The following is a representative list of significant and innovative climbs from 2018 complied by the Piolet d’Or. The climbs were done in alpine style and without using drilled equipment.
“This is not a list of nominated ascents for the Piolets d’Or and should not be confused with such. Grades are those quoted by the first ascensionists and remain unconfirmed. The number of bivouacs noted is for the ascent only. Some web links may not convey a completely true picture of events, but are currently the best available.”
Three Canadians made the list, including the late Marc-Andre Lecerc for his new route on the north face of Mendenhall Tower with Ryan Johnson in mid-March. They both died on the descent and remain in the glacier at the base of the range. Leclerc made the list a second time for his first ascent on Mount Slesse’s Navigator Wall and first winter ascent of the face via their 700-metre M7+R (Scottish VIII/IX) route.
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Yesterday @tom__livingstone and I managed the first winter ascent of Navigator Wall on Slesse with some variations from the summer rock route. Been thinking about this one for a while so it was great to get it done! Hopefully a warm up for things to come granted we get another weather window! #arcteryx #dmmclimbing #maximropes #mtwaddingtons
Canmore-based Alik Berg made the list for his solo first ascent of The Milkwater, a 1,250-metre V WI4 M4 up the east-northeast face of Mount Temple. And east coaster Max Fisher made the list for his first ascent of Brisa Suave, a 350-metre M6 C1, up the east face of Punta Pantagruel (2,410m) in Northern Patagonia.
Other routes listed that are located in Canada The Indirect American, a 1,000-metre WI4+ M7 up the north face of Mount MacDonald, and Life Compass, a 980-metre V 5.10a M4+ on Mount Blane by Rose Pearson and Brette Harrington.
A number of other climbers who died in the mountains in the past year also made the list, including Hansjorg Auer, David Lama and Jess Roskelley.
This preliminary list of significant first ascents during 2018 was compiled by Lindsay Griffin (Senior Editor, American Alpine Journal), with help from Dougald MacDonald (Editor in Chief, American Alpine Journal) and Rodolphe Popier (Himalayan Database). For the full list see here.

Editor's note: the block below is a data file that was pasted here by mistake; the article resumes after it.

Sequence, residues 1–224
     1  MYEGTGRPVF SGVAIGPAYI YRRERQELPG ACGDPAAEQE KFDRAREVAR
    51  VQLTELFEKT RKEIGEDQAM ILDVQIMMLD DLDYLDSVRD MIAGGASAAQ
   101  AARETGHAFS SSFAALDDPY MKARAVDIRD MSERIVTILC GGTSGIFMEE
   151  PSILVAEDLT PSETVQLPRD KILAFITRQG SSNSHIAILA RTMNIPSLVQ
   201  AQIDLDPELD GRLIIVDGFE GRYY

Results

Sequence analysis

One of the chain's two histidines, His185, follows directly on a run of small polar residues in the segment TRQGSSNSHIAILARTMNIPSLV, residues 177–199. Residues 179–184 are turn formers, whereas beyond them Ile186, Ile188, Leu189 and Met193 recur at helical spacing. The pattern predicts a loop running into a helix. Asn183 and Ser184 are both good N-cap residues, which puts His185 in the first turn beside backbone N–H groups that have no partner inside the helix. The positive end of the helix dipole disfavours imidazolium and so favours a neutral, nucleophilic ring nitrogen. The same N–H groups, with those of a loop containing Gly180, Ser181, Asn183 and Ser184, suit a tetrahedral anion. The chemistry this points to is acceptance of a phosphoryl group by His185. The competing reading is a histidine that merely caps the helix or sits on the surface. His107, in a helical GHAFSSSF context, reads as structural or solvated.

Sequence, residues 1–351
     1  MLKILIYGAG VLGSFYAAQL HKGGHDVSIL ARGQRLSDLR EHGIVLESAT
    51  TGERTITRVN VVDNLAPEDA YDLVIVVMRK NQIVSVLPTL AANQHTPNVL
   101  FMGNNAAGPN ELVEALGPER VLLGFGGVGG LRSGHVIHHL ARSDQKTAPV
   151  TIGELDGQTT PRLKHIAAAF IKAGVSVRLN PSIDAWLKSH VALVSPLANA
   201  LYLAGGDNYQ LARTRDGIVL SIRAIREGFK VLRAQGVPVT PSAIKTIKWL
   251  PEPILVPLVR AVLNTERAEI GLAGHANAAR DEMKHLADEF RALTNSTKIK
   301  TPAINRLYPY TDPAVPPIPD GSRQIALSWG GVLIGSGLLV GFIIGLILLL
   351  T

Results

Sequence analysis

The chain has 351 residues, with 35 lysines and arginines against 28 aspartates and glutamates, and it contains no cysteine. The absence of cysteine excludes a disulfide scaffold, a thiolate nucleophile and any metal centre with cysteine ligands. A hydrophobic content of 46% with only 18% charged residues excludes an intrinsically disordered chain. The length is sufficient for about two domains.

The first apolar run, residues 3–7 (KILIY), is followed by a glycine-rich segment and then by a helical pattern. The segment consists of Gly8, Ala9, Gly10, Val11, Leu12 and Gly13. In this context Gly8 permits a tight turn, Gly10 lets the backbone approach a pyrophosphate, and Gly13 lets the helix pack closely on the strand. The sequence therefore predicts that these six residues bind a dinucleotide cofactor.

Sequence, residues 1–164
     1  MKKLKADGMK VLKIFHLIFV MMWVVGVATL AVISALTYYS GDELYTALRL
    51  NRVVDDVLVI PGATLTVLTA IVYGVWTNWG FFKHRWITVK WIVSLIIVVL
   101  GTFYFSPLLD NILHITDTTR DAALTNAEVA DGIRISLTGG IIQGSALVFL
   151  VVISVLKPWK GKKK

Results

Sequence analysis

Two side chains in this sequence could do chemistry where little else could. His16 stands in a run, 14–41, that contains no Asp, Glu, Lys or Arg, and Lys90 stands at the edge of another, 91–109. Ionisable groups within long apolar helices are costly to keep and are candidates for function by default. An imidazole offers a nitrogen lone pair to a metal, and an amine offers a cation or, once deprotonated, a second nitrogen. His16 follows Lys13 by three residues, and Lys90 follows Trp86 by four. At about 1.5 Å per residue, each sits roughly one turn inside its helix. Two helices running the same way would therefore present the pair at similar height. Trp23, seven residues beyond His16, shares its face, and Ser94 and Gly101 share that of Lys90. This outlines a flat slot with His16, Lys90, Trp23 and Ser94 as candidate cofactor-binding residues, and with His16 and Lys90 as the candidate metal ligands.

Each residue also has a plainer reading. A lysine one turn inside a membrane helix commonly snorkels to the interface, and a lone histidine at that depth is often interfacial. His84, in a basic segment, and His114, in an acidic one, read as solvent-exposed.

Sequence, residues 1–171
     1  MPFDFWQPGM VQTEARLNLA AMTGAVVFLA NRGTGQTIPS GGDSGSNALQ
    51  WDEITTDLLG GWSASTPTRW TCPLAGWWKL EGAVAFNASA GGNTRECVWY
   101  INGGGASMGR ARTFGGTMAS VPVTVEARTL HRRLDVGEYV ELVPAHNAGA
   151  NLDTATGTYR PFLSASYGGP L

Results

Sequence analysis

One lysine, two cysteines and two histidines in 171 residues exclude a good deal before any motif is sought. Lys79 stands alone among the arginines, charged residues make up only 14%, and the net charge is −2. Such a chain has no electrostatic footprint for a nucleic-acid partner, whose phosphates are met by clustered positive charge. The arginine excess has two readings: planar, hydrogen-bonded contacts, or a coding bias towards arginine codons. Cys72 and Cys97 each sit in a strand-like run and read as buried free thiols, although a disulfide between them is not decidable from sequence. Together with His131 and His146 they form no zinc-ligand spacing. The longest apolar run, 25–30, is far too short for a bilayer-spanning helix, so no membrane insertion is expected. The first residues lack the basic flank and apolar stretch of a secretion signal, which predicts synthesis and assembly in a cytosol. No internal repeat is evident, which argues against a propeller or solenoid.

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Rose Pearson and I put up a new route on Mount Blane yesterday. Life Compass IV 5.10a M4+ 80 degree, TD+, 980m of climbing After having seen the mountain for my first time while driving the Spray Lakes road a few days ago I noted this stunning line linking the large features on the right side of the west face. Rose and I had climbed The Slawinski/Takeda on Mount Athabasca two days previous and were stoked for another alpine line before the season ended. The climbing included lots of steep snow and precarious rock and mixed. We summited at around 8:30pm then spent the next few hours navigating the knife edge ridge with hefty cornices. The nightly winds were strong so it took us quite a while to get off the ridge eventually making three long 70 meter rappels into a nearby gully where we then progressed into hours of front pointing and down climbing on spring snow. We have named it Life Compass for a number of reasons. Primarily because my life has taken such a sudden 180 degree turn since the loss of Marc in March and alpine climbing has been my guide. I dedicate this climb to my climbing mentor, partner and love Marc-Andre who would probably solo it the following day 😉 if he was here. Mount Blane is very large and complex, so Life Compass requires navigation and time efficiency. I will post a more detailed description soon. —————————————————————@arcteryx @lasportivana @julboeyewearna #mountblane #kananaskiscountry #rockiesalpine